clock menu more-arrow no yes mobile

Filed under:

Nets run out of steam vs. Chicago, lose 108-99

If you buy something from an SB Nation link, Vox Media may earn a commission. See our ethics statement.

NBA: Chicago Bulls at Brooklyn Nets Vincent Carchietta-USA TODAY Sports

The score was 80-73, in favor of the Nets, as the third quarter wound down. Brooklyn had kept Chicago at a modest distance for the majority of the game, and the few moments where they had slipped, it was often Kevin Durant who responded with a momentum-shifting bucket. The game smelled like a classic, hard-fought victory over a quality opponent that would, by no means, hand the game to Brooklyn.

There was just one problem: Kyrie Irving was nowhere to be found. With Durant scheduled for some early fourth-quarter rest, and Irving having only played 13 first-half minutes, he was going to have to step up to prevent a queasy, come-from-ahead loss. He did not. Chicago would close the game on a 35-19 run, which ending in a 108-99 defeat for Brooklyn.

Claiming a team lost solely because of one player is often untrue. It is here, too. Per usual, there were other issues. Despite scoring 32 points on 17 shots, Durant posted six turnovers although it felt like 15 of them. And thanks to, once again, issues on the defensive glass, Chicago finished with 14 more shot attempts than Brooklyn.

But player-wise, it’s hard to point to any other disappointing performances. Yuta Watanabe gave Brooklyn a real lift off the bench, again, flying around both sides of the court and making his threes, again. Edmund Sumner attacked with relentless aggression, and though his drives were often wild, it gave the Nets much-needed energy. Royce O’Neale had a career-high in points. Brooklyn shot a decent 38% from three.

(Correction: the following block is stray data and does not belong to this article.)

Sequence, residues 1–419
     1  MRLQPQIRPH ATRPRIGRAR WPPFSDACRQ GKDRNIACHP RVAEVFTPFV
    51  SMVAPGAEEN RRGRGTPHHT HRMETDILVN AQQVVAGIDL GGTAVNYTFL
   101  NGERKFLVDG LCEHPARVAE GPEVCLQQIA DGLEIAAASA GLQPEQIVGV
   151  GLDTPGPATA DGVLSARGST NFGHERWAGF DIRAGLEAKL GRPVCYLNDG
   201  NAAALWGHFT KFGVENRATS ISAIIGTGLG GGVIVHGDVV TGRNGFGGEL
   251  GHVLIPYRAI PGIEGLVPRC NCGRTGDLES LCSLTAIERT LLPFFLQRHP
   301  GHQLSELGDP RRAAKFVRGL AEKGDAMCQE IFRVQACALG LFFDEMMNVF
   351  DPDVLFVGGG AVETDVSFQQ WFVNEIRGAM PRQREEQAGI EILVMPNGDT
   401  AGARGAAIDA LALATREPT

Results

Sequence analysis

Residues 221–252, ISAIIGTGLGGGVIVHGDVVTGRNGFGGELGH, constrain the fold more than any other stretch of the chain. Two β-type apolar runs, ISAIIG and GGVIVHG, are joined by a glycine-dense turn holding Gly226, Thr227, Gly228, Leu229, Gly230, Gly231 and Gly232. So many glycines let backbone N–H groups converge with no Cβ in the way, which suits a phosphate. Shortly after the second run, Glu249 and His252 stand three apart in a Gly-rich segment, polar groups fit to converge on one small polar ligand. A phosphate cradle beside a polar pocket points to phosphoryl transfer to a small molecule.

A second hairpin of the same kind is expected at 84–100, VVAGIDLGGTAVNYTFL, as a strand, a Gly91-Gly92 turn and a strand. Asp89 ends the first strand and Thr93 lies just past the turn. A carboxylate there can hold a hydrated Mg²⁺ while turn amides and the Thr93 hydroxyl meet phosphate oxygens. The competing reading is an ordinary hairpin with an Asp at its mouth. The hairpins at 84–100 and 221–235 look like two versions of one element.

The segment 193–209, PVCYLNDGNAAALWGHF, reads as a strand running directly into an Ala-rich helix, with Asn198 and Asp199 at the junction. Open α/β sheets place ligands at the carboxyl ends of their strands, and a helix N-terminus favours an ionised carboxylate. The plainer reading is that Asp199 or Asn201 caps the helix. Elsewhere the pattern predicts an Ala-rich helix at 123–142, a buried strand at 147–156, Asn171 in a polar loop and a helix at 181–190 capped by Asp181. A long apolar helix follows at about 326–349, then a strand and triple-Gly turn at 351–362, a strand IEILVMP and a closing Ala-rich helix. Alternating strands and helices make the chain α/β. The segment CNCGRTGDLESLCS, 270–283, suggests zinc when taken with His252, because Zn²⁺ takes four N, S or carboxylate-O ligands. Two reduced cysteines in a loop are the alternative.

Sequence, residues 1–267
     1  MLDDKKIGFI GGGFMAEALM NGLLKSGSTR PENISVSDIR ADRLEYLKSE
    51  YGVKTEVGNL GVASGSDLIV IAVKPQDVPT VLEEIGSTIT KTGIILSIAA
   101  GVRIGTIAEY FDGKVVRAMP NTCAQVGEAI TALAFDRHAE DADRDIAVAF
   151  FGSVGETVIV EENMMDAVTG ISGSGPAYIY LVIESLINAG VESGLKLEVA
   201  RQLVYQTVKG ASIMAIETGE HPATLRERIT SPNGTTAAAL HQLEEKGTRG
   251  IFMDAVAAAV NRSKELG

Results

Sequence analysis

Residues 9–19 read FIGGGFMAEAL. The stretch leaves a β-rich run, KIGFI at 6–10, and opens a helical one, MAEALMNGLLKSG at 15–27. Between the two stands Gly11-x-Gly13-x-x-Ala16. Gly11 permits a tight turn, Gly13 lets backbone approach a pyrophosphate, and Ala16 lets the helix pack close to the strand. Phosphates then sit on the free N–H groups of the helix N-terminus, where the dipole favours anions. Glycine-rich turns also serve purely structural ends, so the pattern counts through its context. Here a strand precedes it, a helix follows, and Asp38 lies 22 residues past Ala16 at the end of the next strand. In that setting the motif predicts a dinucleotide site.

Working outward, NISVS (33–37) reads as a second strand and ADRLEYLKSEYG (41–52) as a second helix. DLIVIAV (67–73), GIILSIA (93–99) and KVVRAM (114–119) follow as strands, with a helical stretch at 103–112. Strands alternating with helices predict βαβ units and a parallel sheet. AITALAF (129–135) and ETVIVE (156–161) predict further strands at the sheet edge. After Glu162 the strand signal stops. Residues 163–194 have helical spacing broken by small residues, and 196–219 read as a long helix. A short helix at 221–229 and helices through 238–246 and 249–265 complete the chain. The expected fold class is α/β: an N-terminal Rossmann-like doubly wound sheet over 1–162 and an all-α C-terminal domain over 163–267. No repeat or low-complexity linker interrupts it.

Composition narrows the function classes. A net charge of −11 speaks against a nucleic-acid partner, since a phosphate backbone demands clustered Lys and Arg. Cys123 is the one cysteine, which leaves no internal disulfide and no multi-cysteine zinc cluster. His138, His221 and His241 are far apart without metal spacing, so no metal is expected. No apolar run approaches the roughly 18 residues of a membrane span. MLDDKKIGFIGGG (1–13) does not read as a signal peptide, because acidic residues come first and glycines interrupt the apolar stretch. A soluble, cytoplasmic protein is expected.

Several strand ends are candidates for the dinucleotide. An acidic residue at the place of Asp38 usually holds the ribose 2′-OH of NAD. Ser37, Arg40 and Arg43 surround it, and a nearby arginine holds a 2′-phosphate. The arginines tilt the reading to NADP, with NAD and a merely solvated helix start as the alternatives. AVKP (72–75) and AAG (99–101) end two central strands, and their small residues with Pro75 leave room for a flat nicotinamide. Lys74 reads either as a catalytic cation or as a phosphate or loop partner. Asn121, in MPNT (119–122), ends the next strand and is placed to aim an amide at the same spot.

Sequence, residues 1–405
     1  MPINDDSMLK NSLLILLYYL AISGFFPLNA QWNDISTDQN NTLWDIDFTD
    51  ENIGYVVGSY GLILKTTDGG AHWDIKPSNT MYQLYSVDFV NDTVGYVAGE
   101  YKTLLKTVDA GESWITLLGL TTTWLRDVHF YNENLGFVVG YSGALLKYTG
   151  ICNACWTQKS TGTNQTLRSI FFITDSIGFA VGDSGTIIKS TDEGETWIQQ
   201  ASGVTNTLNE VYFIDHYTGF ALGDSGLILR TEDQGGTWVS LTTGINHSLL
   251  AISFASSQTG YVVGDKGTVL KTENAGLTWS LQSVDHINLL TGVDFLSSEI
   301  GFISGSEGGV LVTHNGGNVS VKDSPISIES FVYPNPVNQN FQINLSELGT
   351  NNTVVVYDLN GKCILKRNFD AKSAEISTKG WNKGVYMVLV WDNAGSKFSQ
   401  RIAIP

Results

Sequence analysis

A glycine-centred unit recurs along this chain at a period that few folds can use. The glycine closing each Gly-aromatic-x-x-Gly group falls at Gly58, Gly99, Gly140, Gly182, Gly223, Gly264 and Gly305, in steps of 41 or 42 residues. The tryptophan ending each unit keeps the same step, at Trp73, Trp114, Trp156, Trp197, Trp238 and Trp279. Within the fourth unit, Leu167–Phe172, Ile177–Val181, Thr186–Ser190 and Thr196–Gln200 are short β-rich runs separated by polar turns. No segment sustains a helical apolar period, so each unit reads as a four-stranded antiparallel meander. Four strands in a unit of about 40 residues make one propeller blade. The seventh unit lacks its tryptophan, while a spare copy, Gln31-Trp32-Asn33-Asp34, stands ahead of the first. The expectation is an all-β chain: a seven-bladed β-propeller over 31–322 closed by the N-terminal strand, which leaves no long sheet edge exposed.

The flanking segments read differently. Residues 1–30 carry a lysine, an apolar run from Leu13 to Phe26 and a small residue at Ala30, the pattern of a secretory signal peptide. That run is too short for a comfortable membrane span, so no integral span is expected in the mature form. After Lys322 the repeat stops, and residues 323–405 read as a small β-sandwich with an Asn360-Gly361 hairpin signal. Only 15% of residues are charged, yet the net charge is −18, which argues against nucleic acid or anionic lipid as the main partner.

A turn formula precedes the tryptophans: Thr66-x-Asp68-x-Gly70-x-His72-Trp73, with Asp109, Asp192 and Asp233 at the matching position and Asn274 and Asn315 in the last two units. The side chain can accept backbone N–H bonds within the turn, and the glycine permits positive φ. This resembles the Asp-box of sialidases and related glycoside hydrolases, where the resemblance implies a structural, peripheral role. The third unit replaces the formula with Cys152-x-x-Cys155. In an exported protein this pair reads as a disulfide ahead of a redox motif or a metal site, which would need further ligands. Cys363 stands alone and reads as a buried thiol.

There were a lot of positives, from Tuesday’s game. And that made the stench emanating from the Barclays Center after 48 minutes that much more vomit-inducing. But maybe I’m being too harsh over one loss. Maybe that stench was there long before tip-off, anyway.

A raindrop in a tsunami

It’s hard to get worked up over the loss, specifically. It’s been a long day. The off-court issues are bleeding onto the court, and the Nets are slipping and falling on the runoff. Why on today, of all days, does Kyrie seem disengaged from winning basketball after an All-NBA level start to the season?